Tuesday 23 December 2014

Old dreamers in stands still rocking to sleep with visions of glory

Published 08/02/2014 | 02:30

Peter Stringer was part of the team that won the Grand Slam in 2009
Peter Stringer was part of the team that won the Grand Slam in 2009

The curse of the crows woke me just before the dawn. The bedroom skylight is directly under their flight path from the rookery of the Parson's Wood to the scavenging lands.

Crows are like bar-room drunks. They raucously announce their every thought to all within earshot. Yes, I had a dream, and it came from that map Google will never track, in the tangled web where old thoughts meet new imaginings in the underworld under the cranium.

The dream was a young boy's dream of yesterday, today and tomorrow.

Picture us, the boy and the man, long ago, when as Dylan Thomas wrote 'there were wolves in Wales'. My father was six feet tall but back then I was sure he was 10ft 2ins. So off we went in the slow train, just the two of us, to Dublin, for the big game between Ireland and Wales.

Ireland were no-hopers and Wales were playing for the Grand Slam, with possibly the greatest back line of all time.

Ireland, then as now, were the best team for surprises. Ken Goodall, our young No 8, gathered a loose ball well out the field. Ken kicked ahead over the advancing Welsh. There was a foot race to the line. Goodall won the chase. Try for Ireland. I stood on the seat to see when the crowd jumped up. My father hoisted me up to 10'2. I could see a smiling Goodall running back to the half-way line and all the lads were clapping him on the back.

We won 14-0 and I was hooked on rugby forever. So it is 40 years or so later, I'm still dreaming a small boy's dreams of glory. Yes, I was playing for Ireland against Wales this morning when the commuting crows cawed the premature full-time whistle on the occasion of my 10,000th cap.

We were fortunate to be in Cardiff for two real Grand Slams. My abiding memory on the night Wales beat us to win The Slam were the thousands of flattened plastic glasses under feet in Mary Street.

The crunch was like breaking the thin sheet of ice over winter puddles. No one, not even us, their cracked Celtic brothers and sisters, celebrate a rugby triumph with such unconfined, hedonistic joy.

There was our first Grand Slam in 61 years, when the delighted President McAleese presented the cup. The choreographing of the pack by Peter Stringer, the Ronan O'Gara winning drop-goal, and the last kick near miss by the Welsh are as much a part of our national treasure trove as gold crosses found in sods of turf.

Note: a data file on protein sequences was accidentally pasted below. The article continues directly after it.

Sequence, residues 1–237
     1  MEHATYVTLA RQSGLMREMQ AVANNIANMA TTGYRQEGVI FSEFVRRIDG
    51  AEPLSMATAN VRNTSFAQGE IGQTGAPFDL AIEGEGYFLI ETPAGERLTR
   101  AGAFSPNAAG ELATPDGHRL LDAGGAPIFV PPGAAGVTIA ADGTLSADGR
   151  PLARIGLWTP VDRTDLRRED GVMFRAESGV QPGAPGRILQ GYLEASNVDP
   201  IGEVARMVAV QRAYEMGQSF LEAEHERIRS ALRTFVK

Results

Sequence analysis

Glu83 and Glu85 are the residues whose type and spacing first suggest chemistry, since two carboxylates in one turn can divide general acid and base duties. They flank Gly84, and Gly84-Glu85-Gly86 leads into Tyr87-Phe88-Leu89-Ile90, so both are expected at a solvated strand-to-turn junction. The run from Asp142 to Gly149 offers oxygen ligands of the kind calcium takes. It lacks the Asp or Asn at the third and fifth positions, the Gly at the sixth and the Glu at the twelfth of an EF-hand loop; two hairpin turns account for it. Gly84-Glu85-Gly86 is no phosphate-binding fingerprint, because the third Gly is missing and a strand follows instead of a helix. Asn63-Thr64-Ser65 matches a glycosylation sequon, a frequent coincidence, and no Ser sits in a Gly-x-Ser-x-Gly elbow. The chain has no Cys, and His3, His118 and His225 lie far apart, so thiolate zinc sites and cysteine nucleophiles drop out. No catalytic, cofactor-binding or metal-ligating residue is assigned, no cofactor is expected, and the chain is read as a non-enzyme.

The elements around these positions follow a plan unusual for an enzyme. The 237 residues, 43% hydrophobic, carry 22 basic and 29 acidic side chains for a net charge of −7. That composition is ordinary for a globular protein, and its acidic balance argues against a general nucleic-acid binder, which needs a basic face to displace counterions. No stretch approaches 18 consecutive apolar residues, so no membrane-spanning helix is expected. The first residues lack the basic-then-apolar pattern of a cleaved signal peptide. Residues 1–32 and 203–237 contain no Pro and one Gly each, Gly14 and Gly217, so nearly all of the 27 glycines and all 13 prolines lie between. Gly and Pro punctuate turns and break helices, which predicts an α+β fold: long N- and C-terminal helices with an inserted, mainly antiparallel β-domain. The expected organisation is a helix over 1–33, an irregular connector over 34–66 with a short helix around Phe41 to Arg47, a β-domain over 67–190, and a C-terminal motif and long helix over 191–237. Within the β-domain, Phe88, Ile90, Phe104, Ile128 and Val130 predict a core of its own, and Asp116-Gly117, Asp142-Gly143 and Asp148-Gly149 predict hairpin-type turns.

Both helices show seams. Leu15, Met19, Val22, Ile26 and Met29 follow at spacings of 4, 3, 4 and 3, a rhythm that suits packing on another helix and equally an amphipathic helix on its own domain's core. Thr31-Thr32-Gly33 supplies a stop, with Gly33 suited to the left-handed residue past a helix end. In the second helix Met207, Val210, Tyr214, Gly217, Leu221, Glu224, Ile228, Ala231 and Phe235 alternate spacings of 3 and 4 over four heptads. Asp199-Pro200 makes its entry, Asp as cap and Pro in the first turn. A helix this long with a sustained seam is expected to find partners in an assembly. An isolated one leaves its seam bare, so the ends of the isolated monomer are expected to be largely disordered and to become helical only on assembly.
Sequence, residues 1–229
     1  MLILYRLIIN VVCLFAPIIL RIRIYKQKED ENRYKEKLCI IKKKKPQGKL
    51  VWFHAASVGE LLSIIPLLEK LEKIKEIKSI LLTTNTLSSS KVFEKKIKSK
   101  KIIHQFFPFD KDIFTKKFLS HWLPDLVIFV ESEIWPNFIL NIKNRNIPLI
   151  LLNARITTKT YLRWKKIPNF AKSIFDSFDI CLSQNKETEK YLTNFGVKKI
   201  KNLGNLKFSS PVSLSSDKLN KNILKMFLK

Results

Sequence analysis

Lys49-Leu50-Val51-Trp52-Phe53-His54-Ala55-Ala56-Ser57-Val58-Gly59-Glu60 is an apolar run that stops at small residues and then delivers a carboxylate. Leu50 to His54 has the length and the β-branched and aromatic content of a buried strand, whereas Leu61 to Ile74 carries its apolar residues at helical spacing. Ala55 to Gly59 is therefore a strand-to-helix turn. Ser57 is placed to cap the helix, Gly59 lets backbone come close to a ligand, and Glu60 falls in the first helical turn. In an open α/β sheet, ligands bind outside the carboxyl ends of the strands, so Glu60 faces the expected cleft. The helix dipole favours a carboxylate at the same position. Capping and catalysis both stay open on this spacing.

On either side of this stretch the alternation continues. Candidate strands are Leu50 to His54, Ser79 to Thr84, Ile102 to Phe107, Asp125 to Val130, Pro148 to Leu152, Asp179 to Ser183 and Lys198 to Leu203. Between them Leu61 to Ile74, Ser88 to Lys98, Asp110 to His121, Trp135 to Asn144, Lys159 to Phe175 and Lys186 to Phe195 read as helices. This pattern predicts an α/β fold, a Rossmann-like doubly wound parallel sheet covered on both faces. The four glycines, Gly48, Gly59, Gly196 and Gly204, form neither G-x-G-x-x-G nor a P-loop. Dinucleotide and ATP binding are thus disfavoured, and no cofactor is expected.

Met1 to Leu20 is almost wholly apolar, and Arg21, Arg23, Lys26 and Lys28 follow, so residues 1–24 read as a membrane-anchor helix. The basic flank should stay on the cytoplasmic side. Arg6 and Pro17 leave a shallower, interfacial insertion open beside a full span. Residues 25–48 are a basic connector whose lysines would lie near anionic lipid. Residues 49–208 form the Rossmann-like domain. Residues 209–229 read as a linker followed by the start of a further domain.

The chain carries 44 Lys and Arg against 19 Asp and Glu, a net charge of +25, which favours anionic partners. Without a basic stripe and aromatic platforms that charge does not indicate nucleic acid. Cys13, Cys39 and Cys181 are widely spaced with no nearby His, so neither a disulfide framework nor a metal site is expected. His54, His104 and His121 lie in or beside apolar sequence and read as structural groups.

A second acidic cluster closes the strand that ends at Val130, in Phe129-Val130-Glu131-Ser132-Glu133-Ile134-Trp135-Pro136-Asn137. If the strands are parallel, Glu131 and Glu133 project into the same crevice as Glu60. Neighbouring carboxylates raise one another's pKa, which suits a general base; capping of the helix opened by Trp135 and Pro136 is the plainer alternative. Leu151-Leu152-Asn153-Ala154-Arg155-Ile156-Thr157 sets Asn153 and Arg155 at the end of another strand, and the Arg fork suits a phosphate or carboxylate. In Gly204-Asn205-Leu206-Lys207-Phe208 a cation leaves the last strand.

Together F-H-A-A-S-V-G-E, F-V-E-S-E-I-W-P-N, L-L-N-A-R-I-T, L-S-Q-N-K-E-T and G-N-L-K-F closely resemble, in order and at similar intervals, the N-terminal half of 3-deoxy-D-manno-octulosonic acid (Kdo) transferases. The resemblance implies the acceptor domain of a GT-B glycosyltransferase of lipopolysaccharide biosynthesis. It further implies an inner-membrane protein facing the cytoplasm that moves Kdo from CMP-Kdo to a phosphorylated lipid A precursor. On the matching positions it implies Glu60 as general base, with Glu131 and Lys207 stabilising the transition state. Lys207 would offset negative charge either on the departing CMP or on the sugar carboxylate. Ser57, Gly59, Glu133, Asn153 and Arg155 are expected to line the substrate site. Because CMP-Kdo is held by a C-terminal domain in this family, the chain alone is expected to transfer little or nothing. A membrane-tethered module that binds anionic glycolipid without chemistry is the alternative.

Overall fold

Our neighbours from Wales own a golden treasury. This could be a three-in-a-row season for them. The Welsh travel in their thousands. Many will watch the match in Wexford Town this weekend. Their stirring and soulful anthems will be heard as far away as Dublin. It would not surprise us in the least if the much smaller Welsh force out-sang us in our own ground. The Welsh take their singing so seriously and treat every note and every word with respect and care.

The game could come down to a moment of brilliance. The plot is nicely thickened like a winter stew. St David is the patron saint of Wales, yet the Welsh backs are the Goliaths. The Irish will have to knock the big men down. It's easier to climb a fallen tree and the ferocity of the exchanges on the ground will determine the result. Fast ball for Wales could be disastrous for Ireland.

Wales looked heavy-legged against Italy and I have a feeling we will be helped by the weather. Even the skilful Welsh backs will find difficulty in battling the forecast gales and rain. I believe we can win if we get the breaks.

I witnessed a young boy dream in a suburban back garden on Orwell Road and I saw him kick a ball up against the back wall of his Nana's under the crows' flight path.

The boy plays at 10 today for his beloved Ireland. It's a big job when you're the dreamcatcher for a couple of million but this is where the boy always wanted to be. Dreams do come true.

I can feel it now. I can't wait to get going on the road to Dublin to savour the day and the trimmings. Are we there yet?

Will the story of today remain in our consciousness when time thieves memory? The child we all try so hard to repress renews us. Keeps us true.

The small boys reverie is of what will be, we dream of what was but somewhere in between there is a meeting.

So let our kids dream on. Tell the bed-time stories of old and new glories. And pray that when our children are old and dozy, their slippers will grow studs. For dreaming boys make for dreaming old men.

Irish Independent

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